In recent years, there has been a considerable amount of research and field testing driven by the need to lower topsides weight and size for deepwater developments and to allow for the possibility of downhole and subsea separation equipment. This research has led to development of "compact separators" that employ centrifugal force to accomplish a gas/liquid separation in a shell of much smaller diameter and length than a standard gravity separator. The number of proprietary compact-separator designs on the market has begun to grow and is expected to expand tremendously during the next decade. Likewise, multiphase pumping equipment capable of pumping a mixture of gas and liquid was not even considered practical until the mid-1990's. Now the equipment is available, and the key to success for this technology will be in handling high gas-volume fractions and inlets that see a great deal of slugging and surging flow. Cross-flow-membrane technology for offshore produced-water-treating applications has received a great deal of research. And centrifuges have been installed offshore on difficult-to-treat streams. While both technologies have been highly effective, neither has been used widely thus far due to their high purchase and mainte· JUNE 1999

nance costs. However, both are expected to be developed further in the next decade. It should be noted, however, that the future of this evolving technology depends more on its application than its development. In the past, the slow evolution of advancements in surface-facility equipment allowed design engineers to specify process needs and be certain that the offers of various suppliers would be similar. It was considered beneficial, but not essential, for facilities designers to know how to size and specify equipment. Today, because of dramatic changes in the range of new technologies available, it is essential that design engineers understand both the benefits and detriments of any newly developed technology. Now, and even more often in the future, process and equipment choices will have to be made before costs are definitely known. Balances between costs and technologies will have to be struck. Depending on the specific application, it may make more sense to use an older, proven technology instead of a newer one because the application does not require a cutting-edge solution. In either case, the costs associated with the facilities may be determinant in deciding whether the field is commercially viable. Whatever the future holds, it is certain that surface production facilities will continue to play a large role in the upstream business of oil and gas.

References

1. McBeth, R.S.: Oil, New Monarch of Motion, Markets Publishing Corp., New York City (1919) 155­156. 2. Boling, D.R.: "Oil Storage," Petroleum Engineering Handbook, Society of Petroleum Engineers, Dallas, Texas (1962) Chapter 10. 3. Cloud, W.F Petroleum Production, U. of .: Oklahoma Press, Norman, Oklahoma (1939) 501­503, 505, Chapter 14. 4. Westcott, H.P.: "Part 7: Compressors of Natural Gas," Handbook of Natural Gas, Metric Metal Works, Erie, Pennsylvania (1915) 325.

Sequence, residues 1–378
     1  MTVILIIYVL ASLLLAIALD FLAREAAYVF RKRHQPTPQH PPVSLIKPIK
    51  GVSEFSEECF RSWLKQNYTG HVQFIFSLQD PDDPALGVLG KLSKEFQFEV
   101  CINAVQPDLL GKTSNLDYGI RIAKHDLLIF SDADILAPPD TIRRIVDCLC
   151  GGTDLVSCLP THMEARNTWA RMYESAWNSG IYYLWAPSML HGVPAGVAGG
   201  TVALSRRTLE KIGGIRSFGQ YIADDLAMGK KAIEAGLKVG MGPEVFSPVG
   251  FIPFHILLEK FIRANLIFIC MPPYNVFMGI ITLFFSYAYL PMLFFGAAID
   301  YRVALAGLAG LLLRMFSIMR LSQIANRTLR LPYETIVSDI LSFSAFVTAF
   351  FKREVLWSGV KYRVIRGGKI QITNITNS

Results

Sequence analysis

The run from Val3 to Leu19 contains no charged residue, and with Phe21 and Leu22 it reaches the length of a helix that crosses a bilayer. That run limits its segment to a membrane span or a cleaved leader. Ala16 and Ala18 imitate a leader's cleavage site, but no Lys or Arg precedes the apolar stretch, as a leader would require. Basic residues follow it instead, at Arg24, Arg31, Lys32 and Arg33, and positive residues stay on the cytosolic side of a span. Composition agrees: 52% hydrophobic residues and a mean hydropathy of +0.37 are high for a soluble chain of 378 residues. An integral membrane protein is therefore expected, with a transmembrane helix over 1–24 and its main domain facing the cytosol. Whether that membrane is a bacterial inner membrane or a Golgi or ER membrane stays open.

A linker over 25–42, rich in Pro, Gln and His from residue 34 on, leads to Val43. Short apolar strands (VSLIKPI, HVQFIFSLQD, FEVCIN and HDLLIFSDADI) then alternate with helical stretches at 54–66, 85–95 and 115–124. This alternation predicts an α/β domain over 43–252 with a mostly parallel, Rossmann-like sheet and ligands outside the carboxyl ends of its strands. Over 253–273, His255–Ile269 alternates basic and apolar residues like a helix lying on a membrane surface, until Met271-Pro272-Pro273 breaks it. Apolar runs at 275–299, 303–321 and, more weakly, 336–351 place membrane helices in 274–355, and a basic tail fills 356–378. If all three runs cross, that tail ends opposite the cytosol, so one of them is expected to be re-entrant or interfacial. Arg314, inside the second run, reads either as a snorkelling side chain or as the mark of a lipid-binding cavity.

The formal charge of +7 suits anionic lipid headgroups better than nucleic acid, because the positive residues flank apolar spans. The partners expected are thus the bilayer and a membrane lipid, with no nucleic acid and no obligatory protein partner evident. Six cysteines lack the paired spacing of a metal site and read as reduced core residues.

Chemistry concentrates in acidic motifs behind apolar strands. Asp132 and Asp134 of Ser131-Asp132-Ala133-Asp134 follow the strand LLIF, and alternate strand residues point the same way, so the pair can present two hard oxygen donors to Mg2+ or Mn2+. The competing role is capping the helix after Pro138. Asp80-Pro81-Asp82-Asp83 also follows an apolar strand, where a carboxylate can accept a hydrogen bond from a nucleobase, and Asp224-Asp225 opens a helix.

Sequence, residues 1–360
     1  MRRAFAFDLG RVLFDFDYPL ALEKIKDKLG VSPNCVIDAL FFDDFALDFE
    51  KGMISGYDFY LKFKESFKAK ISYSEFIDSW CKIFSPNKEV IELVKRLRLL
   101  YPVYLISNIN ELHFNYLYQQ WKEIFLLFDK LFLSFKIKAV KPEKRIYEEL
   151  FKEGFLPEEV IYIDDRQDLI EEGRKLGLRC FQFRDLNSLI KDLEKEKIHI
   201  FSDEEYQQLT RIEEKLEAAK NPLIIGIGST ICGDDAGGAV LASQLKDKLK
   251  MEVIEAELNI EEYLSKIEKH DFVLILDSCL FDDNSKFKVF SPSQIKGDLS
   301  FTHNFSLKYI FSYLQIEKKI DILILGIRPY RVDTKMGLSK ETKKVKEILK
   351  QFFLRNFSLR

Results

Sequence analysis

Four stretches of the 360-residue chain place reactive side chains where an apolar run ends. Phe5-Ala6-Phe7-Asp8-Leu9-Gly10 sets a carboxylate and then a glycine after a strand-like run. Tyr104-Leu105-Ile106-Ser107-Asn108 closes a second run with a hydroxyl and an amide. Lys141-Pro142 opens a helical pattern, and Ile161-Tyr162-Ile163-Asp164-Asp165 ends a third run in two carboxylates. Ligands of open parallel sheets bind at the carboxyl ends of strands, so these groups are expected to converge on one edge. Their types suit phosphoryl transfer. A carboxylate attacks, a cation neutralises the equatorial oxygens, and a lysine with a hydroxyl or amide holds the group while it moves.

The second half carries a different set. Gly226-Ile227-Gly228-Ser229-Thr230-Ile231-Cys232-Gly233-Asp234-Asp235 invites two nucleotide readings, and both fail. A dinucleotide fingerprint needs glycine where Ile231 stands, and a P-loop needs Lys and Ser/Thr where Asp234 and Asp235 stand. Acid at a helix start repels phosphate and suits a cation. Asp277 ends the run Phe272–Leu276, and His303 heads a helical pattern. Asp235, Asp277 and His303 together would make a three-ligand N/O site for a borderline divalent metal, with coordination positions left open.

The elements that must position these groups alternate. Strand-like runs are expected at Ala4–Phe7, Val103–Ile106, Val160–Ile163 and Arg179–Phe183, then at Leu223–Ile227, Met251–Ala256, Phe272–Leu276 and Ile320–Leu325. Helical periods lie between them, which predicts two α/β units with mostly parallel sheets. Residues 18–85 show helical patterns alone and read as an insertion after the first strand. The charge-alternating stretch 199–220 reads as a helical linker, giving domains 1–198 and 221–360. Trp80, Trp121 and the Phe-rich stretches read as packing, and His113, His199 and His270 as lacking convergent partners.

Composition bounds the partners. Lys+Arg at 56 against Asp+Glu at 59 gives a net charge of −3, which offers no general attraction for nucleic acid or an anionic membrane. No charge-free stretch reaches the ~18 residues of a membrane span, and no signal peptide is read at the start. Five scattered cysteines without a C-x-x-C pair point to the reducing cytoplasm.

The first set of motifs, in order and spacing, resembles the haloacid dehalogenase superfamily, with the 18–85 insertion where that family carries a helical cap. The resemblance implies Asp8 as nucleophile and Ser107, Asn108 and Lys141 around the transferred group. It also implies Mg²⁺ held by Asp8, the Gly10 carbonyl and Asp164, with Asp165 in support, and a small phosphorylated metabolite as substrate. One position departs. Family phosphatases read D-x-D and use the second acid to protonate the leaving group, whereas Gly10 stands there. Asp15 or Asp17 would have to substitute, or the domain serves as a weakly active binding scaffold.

Bibliography Private Communication, Paragon Engineering Services (1999). Campbell, J.M.: Gas Conditioning and Processing, Vol. 1 and 2, seventh edition, Campbell Petroleum Series, Norman, Oklahoma (1992). Arnold, K.E. and Stewart, M.: Surface Production Operations, Vol. 1: Design of Oil-Handling Systems and Facilities, Gulf Publishing Co., Houston, Texas (1986). Arnold, K.E. and Stewart, M.: "Design of Gas Handling Systems and Facilities," Surface Production Operations, Vol. 2, Gulf Publishing Co., Houston, Texas (1989). Maddox, R.N. and Morgan, D.J.: "Gas Treating and Sulfur Recovery," Gas Conditioning and Processing, Vol. 4, Campbell Petroleum Series, Norman, Oklahoma (1998). Petroleum Engineering Handbook, H.B. Bradley (ed.), Society of Petroleum Engineers, Richardson, Texas (1962). Production Facilities, Reprint Series, Society of Petroleum Engineers, Richardson, Texas (1989). Williamson, H.F and Daum, A.R.: American . Petroleum Industry--1859­1919, Northwestern U. Press, Evanston, Illinois (1959). History of Petroleum Engineering, American Petroleum Inst., Dallas, Texas (1961). History of Humble Oil and Refining Co., Harper Bros., New York City (1959). Stenson, F From Waste To Wealth, Canadian Gas .: Processors Assn., Calgary, Alberta, Canada (1985). Cannon, R.E.: The Gas Processing Industry-- Origins and Evolutions, Gas Processors Assn., Tulsa, Oklahoma (1993). 100 Years Helping To Create The Future-- 1879­1979, Standard Oil of California (Chevron), (1979). Campbell, J.M.: "Elements of Field Processing," a 53-part series, 14 March 1955 to 30 June 1958, Oil and Gas J., Tulsa, Oklahoma. Katz, D.L.: Handbook of Natural Gas Engineering, McGraw-Hill Book Co. Inc., New York City (1959). Engineering Data Book, Gas Processors Assn., Tulsa, Oklahoma (1998).